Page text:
How To Be Helpable

Have you ever given brilliant advice to someone who couldn’t receive it?

Of course you have.

I want to tell you about one of my biggest mistakes. I’ll also share with you one of the secrets of getting good help. We all need help, but don’t often realize we can make ourselves more helpable.

As you know, I solve business problems: people, money, time, quality, growth, marketing, etc.

But solving problems isn’t the hard work, as most people think.

The best helpers know that diagnosing the problem and finding the solution path are the easy parts. Sometimes it happens in minutes.

So why does change take so long?

Because the solution can’t be received by the helpee until the conditions are right. You’ve surely had this experience yourself.

How well does it work to give brilliant advice to someone not ready or willing to hear it?

It can actually make things worse, right? The delivery is the challenge. Effective coaching is about setting the conditions so that people are able to receive the help and actually use it.

Let me tell you a story about when I royally screwed this up.

When I was a green coach, I didn’t get this concept at all. The quicker I saw solutions, the faster I shared them. One of my clients, we’ll call him Rick, had about a half dozen, high-end retail stores in early 2006. He had a vision of a nation-wide brand: one hundred stores. The problem was that he could barely manage the six he had. Profit was unpredictable and so were his people. Cash flow was constantly a concern. His solution? Grow: open more stores.

It’s a common notion, but it’s almost always dead wrong. If you have a cluttered house, the solution is not to get a bigger house. You get a bigger mess. We developed “The Growth Paradox” when I was an executive at EMyth to describe this phenomenon. Even coming from one of the most effective coaching companies in the world, it was met by our audience with resistance!

Rick was disorganized, had difficulty following through, and was easily bored. He was overwhelmed and frantic most of the time and both enjoyed and complained about operating that way. Steady, sustainable growth didn’t sound fun for him. So opening more stores made sense to him.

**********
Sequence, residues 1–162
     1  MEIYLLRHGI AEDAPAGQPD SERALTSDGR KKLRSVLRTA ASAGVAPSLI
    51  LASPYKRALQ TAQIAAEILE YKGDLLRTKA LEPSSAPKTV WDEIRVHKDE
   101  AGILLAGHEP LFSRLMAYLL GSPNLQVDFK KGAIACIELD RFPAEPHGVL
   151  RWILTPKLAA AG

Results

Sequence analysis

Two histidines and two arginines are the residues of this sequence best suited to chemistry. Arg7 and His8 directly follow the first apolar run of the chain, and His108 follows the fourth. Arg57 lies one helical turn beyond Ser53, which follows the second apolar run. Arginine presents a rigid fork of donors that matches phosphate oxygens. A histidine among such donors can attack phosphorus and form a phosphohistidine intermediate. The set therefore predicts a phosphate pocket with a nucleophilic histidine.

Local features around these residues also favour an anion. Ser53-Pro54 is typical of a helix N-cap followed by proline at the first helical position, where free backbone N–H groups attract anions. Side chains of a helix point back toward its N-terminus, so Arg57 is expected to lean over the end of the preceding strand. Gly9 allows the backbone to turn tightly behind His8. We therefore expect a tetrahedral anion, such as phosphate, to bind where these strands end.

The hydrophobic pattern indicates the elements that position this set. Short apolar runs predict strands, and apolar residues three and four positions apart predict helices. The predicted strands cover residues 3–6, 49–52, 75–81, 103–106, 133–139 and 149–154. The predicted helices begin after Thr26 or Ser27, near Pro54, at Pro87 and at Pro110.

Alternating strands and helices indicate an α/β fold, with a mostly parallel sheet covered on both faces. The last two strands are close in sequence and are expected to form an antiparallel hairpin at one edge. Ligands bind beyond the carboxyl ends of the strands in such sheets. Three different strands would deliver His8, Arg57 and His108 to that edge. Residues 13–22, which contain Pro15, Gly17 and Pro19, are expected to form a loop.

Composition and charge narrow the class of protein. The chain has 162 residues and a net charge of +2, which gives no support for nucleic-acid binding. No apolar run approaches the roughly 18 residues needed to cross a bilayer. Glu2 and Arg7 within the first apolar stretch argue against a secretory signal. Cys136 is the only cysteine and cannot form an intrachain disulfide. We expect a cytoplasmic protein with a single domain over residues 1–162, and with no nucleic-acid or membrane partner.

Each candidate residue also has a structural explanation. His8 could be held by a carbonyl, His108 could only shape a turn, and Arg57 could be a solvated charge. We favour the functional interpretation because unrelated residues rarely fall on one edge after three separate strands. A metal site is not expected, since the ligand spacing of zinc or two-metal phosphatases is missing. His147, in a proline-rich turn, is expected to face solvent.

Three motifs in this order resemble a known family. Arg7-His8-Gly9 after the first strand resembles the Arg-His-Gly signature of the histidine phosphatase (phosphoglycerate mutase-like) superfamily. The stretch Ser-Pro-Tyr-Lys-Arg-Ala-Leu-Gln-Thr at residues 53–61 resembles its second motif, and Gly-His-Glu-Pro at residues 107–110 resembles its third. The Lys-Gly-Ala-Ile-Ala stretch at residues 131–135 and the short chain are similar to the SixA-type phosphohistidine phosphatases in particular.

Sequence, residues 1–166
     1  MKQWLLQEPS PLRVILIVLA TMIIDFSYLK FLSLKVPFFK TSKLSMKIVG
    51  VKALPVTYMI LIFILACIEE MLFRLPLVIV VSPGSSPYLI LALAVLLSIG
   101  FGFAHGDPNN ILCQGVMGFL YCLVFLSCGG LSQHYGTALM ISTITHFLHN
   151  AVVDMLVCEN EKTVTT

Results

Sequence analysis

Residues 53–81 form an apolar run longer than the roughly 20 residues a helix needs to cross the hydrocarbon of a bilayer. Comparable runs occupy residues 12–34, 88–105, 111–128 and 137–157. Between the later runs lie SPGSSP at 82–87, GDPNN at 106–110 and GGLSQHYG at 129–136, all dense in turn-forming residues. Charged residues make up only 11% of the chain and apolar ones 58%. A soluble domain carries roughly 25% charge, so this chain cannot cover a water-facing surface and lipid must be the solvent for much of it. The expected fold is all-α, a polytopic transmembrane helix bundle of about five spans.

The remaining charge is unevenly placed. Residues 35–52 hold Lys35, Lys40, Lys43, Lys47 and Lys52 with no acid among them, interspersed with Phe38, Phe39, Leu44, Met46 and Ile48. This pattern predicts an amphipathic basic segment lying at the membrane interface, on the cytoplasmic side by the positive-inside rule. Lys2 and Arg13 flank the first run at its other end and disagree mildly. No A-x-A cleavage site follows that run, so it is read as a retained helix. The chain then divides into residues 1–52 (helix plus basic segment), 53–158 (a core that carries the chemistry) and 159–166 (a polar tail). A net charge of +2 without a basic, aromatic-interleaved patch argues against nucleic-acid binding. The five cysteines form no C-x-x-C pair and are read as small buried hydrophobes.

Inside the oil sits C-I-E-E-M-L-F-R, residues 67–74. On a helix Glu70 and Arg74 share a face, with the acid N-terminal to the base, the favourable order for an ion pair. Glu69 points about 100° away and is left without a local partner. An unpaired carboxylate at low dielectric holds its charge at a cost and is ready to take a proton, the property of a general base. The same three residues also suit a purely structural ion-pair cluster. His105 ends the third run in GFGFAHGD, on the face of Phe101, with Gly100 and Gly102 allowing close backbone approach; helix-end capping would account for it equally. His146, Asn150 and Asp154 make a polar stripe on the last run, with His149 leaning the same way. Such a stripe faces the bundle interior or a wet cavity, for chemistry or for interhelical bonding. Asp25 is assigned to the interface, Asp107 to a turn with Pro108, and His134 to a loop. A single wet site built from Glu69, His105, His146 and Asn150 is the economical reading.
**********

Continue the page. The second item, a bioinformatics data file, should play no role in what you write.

I tried the gentle, probing questions method, but he was unmoved. So I turned the heat up. I told him he was making a grave error, quite directly. We had a heated conversation and a few weeks later, feeling unsupported, he ended our coaching relationship. I’d screwed up, and now he would go it alone.

A year later in 2007, the economy tanked. Rick lost a million dollars. He closed all but two of his eleven stores and went back to working on the floor. He had to sell his house for cash, declare bankruptcy for one of his corporations, and he was still a half million dollars in debt. He also went through a divorce, as if everything else wasn’t enough. He went through hell.

I knew all this because in 2013 he reached out to me and told me the story. I answered the phone and the first thing he said was, “Josef, you were right.”

Was I, though? In content, I was. But in context, I think I was wrong. Was there a way I could have reached him? Did I challenge him too quickly, too strongly? How did I fail to set the conditions for him to receive guidance? Of course, you can’t know the absolute answer to any of these questions. You just take whatever responsibility you can and bring what you learn to the next engagement. I was fortunate enough to help Rick for another six months in 2013, but we ran into the same thing again.

In 2010, I’d had the epiphany about how lack of organization crippled leaders and managers. What I now call chronic overwhelm was part of the reason why Rick couldn’t receive effective coaching. I wasn’t going to make the same mistake again. This was years before I created my online course, Clear Workspace, Open Mind, so I led him through the paces one hour at a time. He struggled with it, even though he understood the logic and agreed with the plan.

And then one day, I got a one line email from him: “I just can’t do it,” he wrote, “I just can’t.” I never heard from him again.

Effective Coaching Means Openly Talking About Resistance

“People intoxicate themselves with work so they won’t see how they really are.” –Aldous Huxley

Rick and a couple other clients during that time showed me how virulent overwhelm could be. It’s more common than you might think and nothing to be ashamed of. We all have our challenges with organization. I’d underestimated his and gave him too steep a path. Twice. Ugh.

So what does all of this have to do with you? Two things.

First: If you’ve hired any kind of help: a coach, consultant, therapist, etc. know that they likely already know what you need and are waiting for the right moment to tell you. This doesn’t have to be a secret. It can be talked about.

You can have a conversation with that helper about how you’re resisting. Just ask:

“In what ways am I not receptive to what you’re trying to give me? Please be honest!”

Any good helper will be overjoyed you asked! Now you can help to create those conditions. This also works with your boss, if you have one. If you don’t ask this question to make your resistance part of the conversation, you’re inviting supervision, which I covered in Don’t Supervise – Meta-Supervise last week.

Second: if you’re embarking on any change or growth project, being consummately well-organized is the simplest way to set the conditions so that change is most successful.

Want to discover opportunities to get better organized in just a few minutes? Take the free assessment.

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